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Memory and Media in the Crisis around Ukraine

posted Mar 20, 2016, 6:21 AM by Mykola Makhortykh   [ updated Mar 23, 2016, 12:01 PM by Ellen Rutten ]
On March 21, 2016, the University of Amsterdam will host Memory and Media in the Crisis around Ukraine - a workshop on the Ukraine crisis, where a group of experts from the Netherlands and abroad will discuss the role of media and memory in the current events.

From the frozen streets of Kyiv to the heated heights of Savur-mohila, media and memory shaped the way in which the Ukrainian crisis of 2013-2015 was perceived and understood both inside and outside Ukraine. As protests against the corrupt government in Kyiv turned to nation-wide public unrest, and then to a full-fledged military conflict in Eastern Ukraine, “old” and “new” media outlets alike were instrumentalised as means of information warfare. The mediatisation of the crisis resurfaced old ghosts, which for years haunted Ukrainian cultural memories; and it evoked new spectres, which arose from the brisk memorialisation of increasingly violent conflict in Ukraine.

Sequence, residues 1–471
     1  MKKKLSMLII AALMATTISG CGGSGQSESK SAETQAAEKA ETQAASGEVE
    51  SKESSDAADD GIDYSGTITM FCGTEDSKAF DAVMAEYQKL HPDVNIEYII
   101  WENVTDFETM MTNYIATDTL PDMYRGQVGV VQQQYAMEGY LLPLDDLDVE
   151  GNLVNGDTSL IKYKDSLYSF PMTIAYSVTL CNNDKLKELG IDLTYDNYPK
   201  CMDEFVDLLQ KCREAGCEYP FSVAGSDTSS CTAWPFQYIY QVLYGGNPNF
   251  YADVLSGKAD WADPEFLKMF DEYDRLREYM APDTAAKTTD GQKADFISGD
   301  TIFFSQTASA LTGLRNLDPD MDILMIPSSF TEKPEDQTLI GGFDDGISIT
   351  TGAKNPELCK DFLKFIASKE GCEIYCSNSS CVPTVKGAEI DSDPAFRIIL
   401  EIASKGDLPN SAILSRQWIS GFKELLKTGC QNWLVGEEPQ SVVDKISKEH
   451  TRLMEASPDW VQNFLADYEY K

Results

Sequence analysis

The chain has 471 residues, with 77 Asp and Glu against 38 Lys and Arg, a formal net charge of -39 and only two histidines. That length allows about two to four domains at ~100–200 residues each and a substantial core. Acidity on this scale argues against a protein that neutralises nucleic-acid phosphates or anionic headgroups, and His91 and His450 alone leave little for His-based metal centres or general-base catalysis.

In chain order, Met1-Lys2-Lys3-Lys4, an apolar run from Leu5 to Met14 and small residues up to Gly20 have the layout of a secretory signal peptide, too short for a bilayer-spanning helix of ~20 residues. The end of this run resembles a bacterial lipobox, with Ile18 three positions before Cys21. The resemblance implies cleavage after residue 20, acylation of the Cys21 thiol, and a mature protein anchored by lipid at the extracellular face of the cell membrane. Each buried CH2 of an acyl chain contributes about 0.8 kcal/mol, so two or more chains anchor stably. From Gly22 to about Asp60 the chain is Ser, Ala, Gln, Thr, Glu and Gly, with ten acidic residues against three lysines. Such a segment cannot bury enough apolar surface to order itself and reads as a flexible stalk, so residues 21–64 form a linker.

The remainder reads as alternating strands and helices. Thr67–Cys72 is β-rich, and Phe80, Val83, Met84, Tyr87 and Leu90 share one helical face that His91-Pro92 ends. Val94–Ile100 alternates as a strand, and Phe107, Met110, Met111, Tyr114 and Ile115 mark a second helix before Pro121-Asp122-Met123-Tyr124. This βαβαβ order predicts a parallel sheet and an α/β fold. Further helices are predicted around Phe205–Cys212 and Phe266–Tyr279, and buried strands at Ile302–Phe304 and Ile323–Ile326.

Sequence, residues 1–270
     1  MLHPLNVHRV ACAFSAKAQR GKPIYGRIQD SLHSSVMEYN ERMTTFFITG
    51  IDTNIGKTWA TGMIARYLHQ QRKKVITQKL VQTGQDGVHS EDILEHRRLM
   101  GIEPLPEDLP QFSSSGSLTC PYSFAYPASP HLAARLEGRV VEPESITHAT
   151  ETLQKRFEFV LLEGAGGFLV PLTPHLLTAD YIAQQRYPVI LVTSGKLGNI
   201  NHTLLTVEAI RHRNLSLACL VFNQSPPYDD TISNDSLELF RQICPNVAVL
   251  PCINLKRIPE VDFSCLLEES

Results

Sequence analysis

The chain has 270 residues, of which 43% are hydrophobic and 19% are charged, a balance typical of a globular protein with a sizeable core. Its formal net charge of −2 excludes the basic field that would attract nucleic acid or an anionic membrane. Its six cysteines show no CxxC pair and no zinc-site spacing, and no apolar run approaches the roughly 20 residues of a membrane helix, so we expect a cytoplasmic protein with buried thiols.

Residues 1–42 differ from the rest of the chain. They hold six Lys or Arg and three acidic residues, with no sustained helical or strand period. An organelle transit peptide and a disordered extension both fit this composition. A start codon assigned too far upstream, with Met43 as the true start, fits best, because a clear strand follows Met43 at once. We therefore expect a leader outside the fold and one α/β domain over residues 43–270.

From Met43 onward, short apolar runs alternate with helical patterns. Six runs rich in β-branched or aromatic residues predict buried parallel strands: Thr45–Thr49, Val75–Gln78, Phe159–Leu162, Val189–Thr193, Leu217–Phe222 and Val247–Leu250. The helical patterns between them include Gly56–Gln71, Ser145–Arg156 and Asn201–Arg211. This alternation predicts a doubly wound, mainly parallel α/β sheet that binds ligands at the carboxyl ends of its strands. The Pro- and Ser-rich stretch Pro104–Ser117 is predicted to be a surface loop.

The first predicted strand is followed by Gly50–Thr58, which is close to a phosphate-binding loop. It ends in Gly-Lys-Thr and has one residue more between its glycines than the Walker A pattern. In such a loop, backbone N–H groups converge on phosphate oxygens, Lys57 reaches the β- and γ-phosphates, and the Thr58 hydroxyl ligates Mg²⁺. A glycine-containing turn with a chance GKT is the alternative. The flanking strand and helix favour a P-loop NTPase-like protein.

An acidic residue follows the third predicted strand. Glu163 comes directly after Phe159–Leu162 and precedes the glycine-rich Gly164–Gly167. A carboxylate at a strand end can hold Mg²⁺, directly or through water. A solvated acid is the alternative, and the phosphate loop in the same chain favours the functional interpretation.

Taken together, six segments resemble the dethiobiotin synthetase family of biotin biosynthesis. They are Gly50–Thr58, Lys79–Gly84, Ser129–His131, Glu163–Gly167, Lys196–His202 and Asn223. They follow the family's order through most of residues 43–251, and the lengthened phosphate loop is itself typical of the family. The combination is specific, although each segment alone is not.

‘Memory and Media in the Crisis around Ukraine’ is a 1-day interdisciplinary workshop whose participants explore how the Ukrainian crisis is portrayed, interpreted, and ignited through the use of technology and memory. How did Western, Russian, and Ukrainian offline/online media frame different episodes of the Ukrainian crisis? To what extent are memories of previous revolutions (e.g. the revolution of 1991 and the Orange revolution) and conflicts (e.g. the Second World War and the Afghan War) used in framing the crisis? What commemorative and/or media practices arise offline and online in relation to the crisis? And how do today's increased opportunities for conflict mediatisation/memorialisation affect the development of the Ukrainian crisis both in the short and the long run?